Notch is a highly conserved signaling pathway that contributes to cell differentiation and function. Engagement of Notch receptors (Notch 1–4) and Notch ligands (Delta-like ligand 1, 3, 4, Jagged 1, 2) initiates cleavage of the Notch intracellular domain. The Notch intracellular domain binds to recombination binding protein (RBP)-Jκ and activates the transcription of Notch target genes in association with a coactivator of the mastermind-like (MAML) family (MAML1–3). Notch signaling regulates various stages of T cell lineage development and differentiation, including early stages of thymocyte development, as well as CD4 Th differentiation (1, 2). In the priming stage of Th cell differentiation, Notch ligand Delta-like ligand 4 (Dll4) sensitized Ag responses and augmented T cell activation (3), whereas separate studies demonstrated that Dll4 and Notch could activate production of IFN-γ and the Th1 transcription factor T-bet (2–5). During Th2 differentiation, Jagged1 and intracellular Notch promoted Gata3 and Il4 expression (2, 6, 7), whereas Dll4 suppressed Il4, Il5, and Il13 (8, 9). Furthermore, Dll4 and Notch were reported to promote Th17 and Th9 differentiation by enhancing Il17a, Rorc, and Il9 expression (10, 11). Taken together, Notch can serve as an amplifier for persistent Th1, Th2, and Th17 cell differentiation (4), suggesting that it is not a skewing signal, but rather that it enhances coactivation. However, the role of Dll4 and Notch signaling in regulatory T (Treg) cells remains unresolved. Jagged2 and specific receptors, Notch1 and Notch3, promoted the Treg cell master transcription factor Foxp3 expression and Treg cell survival (12–16), and RBP-Jκ was reported to directly bind the Foxp3 promoter and regulate Foxp3 transcription (16). In contrast, inactivating Notch signaling after Foxp3 is expressed enhanced Treg cell numbers and promoted tolerance (17). Blockade of Notch receptors and Notch ligands expanded Foxp3+ T cell populations in vivo in experimental autoimmune encephalomyelitis, graft-versus-host disease (GVHD), and type 1 diabetes (18–21). However, the role of Notch ligands in Treg cell development and their resistance to inflammation during infection has not been well defined.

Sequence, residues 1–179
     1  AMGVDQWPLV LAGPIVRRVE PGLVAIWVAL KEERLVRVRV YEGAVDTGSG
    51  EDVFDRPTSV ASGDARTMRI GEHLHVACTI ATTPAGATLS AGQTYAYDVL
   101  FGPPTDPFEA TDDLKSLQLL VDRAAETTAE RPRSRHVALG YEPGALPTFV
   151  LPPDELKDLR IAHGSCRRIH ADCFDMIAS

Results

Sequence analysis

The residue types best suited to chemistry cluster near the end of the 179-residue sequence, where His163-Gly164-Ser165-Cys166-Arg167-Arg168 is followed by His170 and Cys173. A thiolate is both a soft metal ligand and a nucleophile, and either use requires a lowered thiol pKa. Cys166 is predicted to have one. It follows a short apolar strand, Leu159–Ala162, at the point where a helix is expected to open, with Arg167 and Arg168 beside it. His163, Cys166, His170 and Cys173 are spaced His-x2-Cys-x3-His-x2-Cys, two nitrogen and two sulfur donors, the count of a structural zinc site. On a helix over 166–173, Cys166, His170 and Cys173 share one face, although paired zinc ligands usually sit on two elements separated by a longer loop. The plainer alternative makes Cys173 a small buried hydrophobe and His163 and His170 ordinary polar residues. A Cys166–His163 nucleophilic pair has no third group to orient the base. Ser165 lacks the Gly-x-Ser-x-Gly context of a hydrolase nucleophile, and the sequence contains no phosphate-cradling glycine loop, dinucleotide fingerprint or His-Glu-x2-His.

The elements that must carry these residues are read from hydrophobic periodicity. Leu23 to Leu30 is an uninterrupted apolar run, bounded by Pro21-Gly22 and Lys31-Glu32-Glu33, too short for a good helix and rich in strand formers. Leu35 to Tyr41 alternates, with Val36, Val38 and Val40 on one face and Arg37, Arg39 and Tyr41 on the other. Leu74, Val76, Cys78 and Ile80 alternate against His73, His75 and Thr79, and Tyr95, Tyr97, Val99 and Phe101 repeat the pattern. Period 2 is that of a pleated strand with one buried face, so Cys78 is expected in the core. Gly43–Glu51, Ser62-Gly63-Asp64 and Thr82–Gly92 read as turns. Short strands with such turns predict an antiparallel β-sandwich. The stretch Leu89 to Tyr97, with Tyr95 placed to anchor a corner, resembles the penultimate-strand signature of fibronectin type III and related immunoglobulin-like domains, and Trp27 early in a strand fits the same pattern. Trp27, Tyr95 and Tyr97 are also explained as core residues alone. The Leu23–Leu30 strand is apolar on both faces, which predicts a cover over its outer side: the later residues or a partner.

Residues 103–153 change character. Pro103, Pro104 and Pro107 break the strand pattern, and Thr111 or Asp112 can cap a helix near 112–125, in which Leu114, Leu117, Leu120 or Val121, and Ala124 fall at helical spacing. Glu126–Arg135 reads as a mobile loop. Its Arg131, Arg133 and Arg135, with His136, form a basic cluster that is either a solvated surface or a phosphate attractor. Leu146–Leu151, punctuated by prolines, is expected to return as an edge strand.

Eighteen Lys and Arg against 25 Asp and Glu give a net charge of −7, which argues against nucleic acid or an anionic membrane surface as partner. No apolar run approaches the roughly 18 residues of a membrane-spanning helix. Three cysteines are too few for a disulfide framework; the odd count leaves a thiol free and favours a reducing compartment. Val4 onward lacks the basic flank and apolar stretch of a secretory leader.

Notch ligands can be induced on APC by pathogen-associated molecular patterns (2, 6). Pathogens themselves can also induce Notch ligands. Studies showed that respiratory syncytial virus (RSV) induced Dll4 expression on dendritic cells (DC) in vitro (8, 22), and Dll4 blockade exacerbated RSV-induced Th2 airway pathogenesis (8). Because Treg cells are required to limit pulmonary inflammation and pathogenic Th2 responses during RSV infections (23–25), we hypothesized that initial exposure of Dll4 may modulate peripherally induced Treg (iTreg) cell differentiation, homeostasis, and stability to control the intensity of the immune response and lung pathology during RSV infection. In the present study, we report that Dll4 sustained CD62LhiCD44lo central Treg (cTR) cells and solidified iTreg cell identity during infection. This study defines novel roles of Dll4 in iTreg cell subset regulation and iTreg cell stability.